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Historic post in cycling


JM

Historic post in  cycling

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Local cycling has just made history.

Just four years after entering the sport, Barbados Cycling Union’s racing secretary Livingston Headley has become the country’s first ever national commissaire after completing a course last month in Puerto Rico.

Caribbean Cycling Federation vice-president Keith Yearwood presented the certificate earlier this week after Headley gained the second-highest marks out of eight regional participants at the course.

“I would like to compliment Livy, as he just came into cycling,” said Yearwood, also president of the Barbados Cycling Union.

“But we would like the young people in cycling to grab hold of these opportunities . . . . The international commissaires go all over the world and they are treated like celebrities in terms of their accommodation and everything.”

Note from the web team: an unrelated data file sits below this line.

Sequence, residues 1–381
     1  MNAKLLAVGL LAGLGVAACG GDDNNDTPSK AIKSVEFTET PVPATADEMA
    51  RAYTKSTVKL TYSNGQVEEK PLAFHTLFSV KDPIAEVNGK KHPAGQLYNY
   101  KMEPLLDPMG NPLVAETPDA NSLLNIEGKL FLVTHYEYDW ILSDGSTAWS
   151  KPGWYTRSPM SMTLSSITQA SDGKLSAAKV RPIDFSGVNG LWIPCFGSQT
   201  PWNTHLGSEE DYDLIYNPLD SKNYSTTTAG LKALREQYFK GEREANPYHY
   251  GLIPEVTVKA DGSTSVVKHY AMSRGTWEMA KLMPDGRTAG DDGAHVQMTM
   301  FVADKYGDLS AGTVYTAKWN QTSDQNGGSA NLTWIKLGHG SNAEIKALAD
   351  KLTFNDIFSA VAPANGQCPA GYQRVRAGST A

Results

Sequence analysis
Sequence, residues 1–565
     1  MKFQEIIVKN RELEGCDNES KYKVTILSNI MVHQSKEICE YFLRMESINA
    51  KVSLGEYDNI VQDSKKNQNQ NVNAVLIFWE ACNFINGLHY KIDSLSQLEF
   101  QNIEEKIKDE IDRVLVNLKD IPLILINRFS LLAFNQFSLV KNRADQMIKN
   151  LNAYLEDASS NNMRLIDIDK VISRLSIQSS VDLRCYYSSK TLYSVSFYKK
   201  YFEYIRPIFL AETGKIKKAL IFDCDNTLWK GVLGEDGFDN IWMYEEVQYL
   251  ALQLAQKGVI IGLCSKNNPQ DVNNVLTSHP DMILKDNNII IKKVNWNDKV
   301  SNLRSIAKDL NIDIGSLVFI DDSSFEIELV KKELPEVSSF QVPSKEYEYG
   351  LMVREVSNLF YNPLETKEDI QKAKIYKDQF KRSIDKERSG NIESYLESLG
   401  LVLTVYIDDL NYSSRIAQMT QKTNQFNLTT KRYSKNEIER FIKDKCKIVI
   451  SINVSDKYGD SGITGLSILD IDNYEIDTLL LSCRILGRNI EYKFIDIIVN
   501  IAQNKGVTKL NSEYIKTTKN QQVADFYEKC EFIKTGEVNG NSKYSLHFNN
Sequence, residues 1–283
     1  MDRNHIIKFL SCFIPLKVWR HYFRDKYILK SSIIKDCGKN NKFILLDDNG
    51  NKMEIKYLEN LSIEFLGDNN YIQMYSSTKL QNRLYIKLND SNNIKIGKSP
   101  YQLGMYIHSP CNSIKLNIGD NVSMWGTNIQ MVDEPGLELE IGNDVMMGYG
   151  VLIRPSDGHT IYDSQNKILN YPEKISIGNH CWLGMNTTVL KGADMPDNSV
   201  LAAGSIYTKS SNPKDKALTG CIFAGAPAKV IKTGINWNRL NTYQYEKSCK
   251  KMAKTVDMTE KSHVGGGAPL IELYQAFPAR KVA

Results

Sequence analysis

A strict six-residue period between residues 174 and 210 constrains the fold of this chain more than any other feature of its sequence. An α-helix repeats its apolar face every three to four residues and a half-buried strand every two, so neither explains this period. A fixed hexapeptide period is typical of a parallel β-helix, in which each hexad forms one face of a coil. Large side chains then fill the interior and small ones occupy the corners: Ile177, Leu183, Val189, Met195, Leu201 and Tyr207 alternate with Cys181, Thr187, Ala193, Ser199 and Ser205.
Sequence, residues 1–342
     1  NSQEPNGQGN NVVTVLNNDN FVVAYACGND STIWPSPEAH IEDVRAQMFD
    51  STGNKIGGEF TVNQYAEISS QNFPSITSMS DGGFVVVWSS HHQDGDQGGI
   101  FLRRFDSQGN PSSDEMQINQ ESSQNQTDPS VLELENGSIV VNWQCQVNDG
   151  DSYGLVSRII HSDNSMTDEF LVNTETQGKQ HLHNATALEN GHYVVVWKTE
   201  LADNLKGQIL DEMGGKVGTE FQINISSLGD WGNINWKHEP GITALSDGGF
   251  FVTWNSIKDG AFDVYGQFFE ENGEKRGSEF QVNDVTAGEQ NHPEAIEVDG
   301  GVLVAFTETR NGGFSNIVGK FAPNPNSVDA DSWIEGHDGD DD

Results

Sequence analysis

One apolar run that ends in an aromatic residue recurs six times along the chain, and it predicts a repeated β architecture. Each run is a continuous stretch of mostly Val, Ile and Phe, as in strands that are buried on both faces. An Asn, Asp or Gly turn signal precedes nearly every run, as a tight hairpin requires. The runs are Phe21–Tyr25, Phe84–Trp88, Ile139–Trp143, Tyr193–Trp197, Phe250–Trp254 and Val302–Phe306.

Headley was one of 14 local officials to receive level one coaching certification recently after also completing the Barbados Olympic Association’s basic administration course.

But the commissaire certification definitely serves as the icing on the cake, as Headley can now adjudicate any local cycling event and help to officiate a regional championship, including next year’s Caribbean Cycling Championships, which will be held in Barbados.

Going to Puerto Rico a couple days before the start of the regional road race championships, Headley had to complete three days of coursework before sitting a two-hour examination.

“The course was a very intensive but we were allowed to get some experience by working the Caribbean Championships in Puerto Rico . . . . We were either put at the finish line or on motorcycles to follow the race . . . and ensure there were no infringements,” he explained.

The course was attended by candidates from Puerto Rico, Jamaica, St Lucia, St Vincent and the British Virgin Islands. (JM)

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